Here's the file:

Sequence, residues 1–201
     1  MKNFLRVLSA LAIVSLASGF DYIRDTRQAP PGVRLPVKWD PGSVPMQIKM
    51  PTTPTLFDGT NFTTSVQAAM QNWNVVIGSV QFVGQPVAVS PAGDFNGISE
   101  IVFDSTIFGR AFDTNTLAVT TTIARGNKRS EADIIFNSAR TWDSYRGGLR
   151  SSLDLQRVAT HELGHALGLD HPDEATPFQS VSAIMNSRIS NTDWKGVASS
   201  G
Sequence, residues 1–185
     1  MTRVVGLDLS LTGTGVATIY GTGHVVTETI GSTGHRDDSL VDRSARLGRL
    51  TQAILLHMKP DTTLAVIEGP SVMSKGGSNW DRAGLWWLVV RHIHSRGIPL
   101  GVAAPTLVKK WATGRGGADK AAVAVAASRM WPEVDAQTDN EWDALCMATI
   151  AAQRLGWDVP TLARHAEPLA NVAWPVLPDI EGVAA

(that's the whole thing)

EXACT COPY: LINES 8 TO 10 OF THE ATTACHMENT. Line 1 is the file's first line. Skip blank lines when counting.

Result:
     1  MTRVVGLDLS LTGTGVATIY GTGHVVTETI GSTGHRDDSL VDRSARLGRL
    51  TQAILLHMKP DTTLAVIEGP SVMSKGGSNW DRAGLWWLVV RHIHSRGIPL
   101  GVAAPTLVKK WATGRGGADK AAVAVAASRM WPEVDAQTDN EWDALCMATI